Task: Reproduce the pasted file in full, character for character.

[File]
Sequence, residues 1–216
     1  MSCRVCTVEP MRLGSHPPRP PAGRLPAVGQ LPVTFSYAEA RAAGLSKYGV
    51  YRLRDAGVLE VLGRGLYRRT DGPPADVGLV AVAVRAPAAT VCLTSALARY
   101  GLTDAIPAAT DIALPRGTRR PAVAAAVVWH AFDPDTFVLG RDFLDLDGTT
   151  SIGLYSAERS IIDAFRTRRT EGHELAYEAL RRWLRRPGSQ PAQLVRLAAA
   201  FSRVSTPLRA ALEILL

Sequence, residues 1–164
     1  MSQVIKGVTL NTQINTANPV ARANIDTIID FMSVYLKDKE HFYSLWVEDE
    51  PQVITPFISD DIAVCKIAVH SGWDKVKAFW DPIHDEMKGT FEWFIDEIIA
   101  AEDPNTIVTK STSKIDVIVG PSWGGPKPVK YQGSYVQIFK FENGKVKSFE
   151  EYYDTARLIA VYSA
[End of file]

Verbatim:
Sequence, residues 1–216
     1  MSCRVCTVEP MRLGSHPPRP PAGRLPAVGQ LPVTFSYAEA RAAGLSKYGV
    51  YRLRDAGVLE VLGRGLYRRT DGPPADVGLV AVAVRAPAAT VCLTSALARY
   101  GLTDAIPAAT DIALPRGTRR PAVAAAVVWH AFDPDTFVLG RDFLDLDGTT
   151  SIGLYSAERS IIDAFRTRRT EGHELAYEAL RRWLRRPGSQ PAQLVRLAAA
   201  FSRVSTPLRA ALEILL

Sequence, residues 1–164
     1  MSQVIKGVTL NTQINTANPV ARANIDTIID FMSVYLKDKE HFYSLWVEDE
    51  PQVITPFISD DIAVCKIAVH SGWDKVKAFW DPIHDEMKGT FEWFIDEIIA
   101  AEDPNTIVTK STSKIDVIVG PSWGGPKPVK YQGSYVQIFK FENGKVKSFE
   151  EYYDTARLIA VYSA